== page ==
Italian fashion designer Maurizio Galante finds inspiration for his collections in the colours and history of artisanal cultures, writes Stephen Crafti.
Each July, couturier Maurizio Galante unveils his latest collection in Paris. The backdrop is generally simple and pared back to allow his extraordinary multi-layered creations to take centre stage.
“For me, it’s not about theatrics. The idea is to remain pure to the initial idea,” says Galante who, with his business and creative partner, designer Tal Lancman, poetically articulates ideas for furniture, lighting and objects through their company Interware. “Irrespective of the project, the ideas must have ‘soul’, with a story behind each one,” says Lancman.
For Galante, who has been captivating the media’s attention since he presented his first haute couture collection in 1991 when he was admitted to the Chambre Syndicale de la Haute Couture, the value of the ideas are as pivotal as the work to create each garment. Some may take a week to produce, others hundreds of hours.
“Three years ago we decided to dedicate each collection to an artisanal association in a different country from around the world. I will visit the country several times to study the region, techniques and messages,” says Galante, whose Fall/Winter 2019 collection fell deeply into the cultural aspects and messages emanating from Mexico.
For that collection, craftsman Antonio Cornello Rendón welcomed the duo into his home/workshop, where large woven straw sculptures, like ‘solar discs’, appeared within the red brick and saffron yellow walls.
A following four-hour trip to Tzintzuntzan revealed a sparse landscape where cacti alternated with acacias to colour this bare, orange land. The inspiration of these wild colours, such as tangerine, creamy white, dark night, mint green and magenta, was unveiled on Galante’s catwalk, along with the artisanal skills of Cornello. “The purpose is to collaborate with the local artisans and help support the local culture,” says Lancman.
History also plays an important role in the development of a collection. For the Mexico-inspired show, the starting point was when a Spanish conquistador came to Mexico and met the native people, two worlds colliding.
“This collection was filled with beautiful contradictions,” says Galante, who included original fabrics found in Mexico, as well as producing new ones. “It’s similar to cooking, in that the fabric is just one of the ingredients that needs to combine with others to create a favorable outcome.”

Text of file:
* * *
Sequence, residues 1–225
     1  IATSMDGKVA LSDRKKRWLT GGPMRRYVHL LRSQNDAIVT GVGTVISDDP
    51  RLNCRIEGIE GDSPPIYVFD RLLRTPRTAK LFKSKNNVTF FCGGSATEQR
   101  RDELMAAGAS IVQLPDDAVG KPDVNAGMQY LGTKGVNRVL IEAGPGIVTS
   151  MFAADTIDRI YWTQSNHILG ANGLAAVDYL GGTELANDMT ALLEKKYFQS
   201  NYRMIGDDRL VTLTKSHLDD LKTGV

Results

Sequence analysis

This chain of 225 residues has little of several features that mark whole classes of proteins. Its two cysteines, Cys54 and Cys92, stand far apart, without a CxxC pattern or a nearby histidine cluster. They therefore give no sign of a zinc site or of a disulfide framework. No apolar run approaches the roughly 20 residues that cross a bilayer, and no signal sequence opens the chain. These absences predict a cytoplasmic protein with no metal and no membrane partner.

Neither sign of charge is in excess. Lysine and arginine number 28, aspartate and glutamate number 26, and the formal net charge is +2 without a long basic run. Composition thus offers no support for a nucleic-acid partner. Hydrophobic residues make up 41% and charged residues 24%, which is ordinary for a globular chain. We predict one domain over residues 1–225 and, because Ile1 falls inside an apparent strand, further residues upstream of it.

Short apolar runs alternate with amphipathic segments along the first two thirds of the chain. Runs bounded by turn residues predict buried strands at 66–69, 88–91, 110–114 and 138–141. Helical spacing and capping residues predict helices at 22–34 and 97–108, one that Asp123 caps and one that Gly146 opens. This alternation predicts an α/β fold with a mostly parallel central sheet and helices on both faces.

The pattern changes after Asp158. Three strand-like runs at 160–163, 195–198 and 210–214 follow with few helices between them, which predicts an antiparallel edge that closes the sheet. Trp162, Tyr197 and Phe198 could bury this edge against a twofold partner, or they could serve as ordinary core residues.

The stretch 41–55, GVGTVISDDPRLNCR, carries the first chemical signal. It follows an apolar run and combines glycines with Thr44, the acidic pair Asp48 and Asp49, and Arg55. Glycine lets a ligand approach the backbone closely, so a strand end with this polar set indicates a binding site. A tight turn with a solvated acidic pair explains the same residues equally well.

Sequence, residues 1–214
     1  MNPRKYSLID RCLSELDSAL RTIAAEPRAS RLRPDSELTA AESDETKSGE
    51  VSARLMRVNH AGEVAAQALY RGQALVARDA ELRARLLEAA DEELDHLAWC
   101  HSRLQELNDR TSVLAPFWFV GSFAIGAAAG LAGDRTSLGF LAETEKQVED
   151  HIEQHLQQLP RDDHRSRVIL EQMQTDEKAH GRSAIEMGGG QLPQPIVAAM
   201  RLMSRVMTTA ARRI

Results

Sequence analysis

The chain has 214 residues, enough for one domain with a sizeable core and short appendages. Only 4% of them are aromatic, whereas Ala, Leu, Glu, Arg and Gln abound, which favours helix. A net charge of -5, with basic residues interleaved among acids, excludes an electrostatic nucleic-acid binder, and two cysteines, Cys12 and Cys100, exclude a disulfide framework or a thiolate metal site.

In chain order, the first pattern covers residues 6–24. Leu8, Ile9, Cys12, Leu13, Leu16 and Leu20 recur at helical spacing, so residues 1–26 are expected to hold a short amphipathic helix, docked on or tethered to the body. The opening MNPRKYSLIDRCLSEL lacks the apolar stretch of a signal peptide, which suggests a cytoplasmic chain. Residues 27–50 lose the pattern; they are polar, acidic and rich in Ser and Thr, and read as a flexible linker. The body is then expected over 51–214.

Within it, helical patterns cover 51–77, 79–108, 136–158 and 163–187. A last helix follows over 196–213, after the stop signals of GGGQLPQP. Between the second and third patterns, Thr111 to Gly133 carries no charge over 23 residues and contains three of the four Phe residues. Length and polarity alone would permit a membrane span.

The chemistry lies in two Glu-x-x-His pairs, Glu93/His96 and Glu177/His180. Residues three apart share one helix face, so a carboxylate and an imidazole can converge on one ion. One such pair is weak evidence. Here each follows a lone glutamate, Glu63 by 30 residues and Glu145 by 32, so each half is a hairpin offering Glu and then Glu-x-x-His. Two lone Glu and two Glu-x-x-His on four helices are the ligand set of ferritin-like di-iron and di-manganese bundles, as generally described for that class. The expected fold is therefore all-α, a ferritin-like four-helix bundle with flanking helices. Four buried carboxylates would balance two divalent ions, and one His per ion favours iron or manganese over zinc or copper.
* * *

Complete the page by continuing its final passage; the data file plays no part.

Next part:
Galante, who plans six to seven months ahead, is now turning his creative juices to Africa. “There’s something quite mystical about Africa,” he says after being drawn to the local music from the outset: a combination of simple notes made into something much more.
“There’s something quite pure about the culture, but also extremely sophisticated,” says Galante, who is thinking of a black and white palette for the 2020/2021 collection. When I suggest the outcome will most likely be graphic, Galante is quick to respond: “There are so many shades of both black and white, each one having its own depth. It’s all about balance.”
Although revealing the concepts and processes flows easily from Galante’s lips, when it comes to price or his clientele, they are firmly sealed. The late and renowned architect Zaha Hadid was regularly photographed in Galante’s creations. But few, if any, client names are mentioned. Clients arrive discreetly, some who have seen the garments presented on the catwalk; they then repeat their visits between two and five times. The more complicated designs can take up to three months to produce.
“Our clients want to dress in a unique way. They’re certainly not afraid to be introduced to new silhouettes or materials. Couture is like buying an art piece as much as clothing,” says Galante, who often sees his garments displayed on walls when not being worn.
Technology, via the internet, has also changed the way couture is consumed, both by the wider audience and Galante’s clientele.
“When I started, the process and the finishing were at the core of couture. Today, it’s more about the image, what’s projected out there globally,” says Galante. However, for both Galante and Lancman the artistry, along with the execution, remains paramount, whether it takes the form of a chair, a light, an object or an interior (the duo designed the Ducasse sur Seine restaurant on a boat for Alain Ducasse).
Slavishly following fashion or a season is also something that’s avoided. “Today, haute couture clients are jetsetters. One client might be here in Paris today, and then in Sydney tomorrow. Haute couture isn’t seasonal any more. It’s about evoking emotion,” says Galante.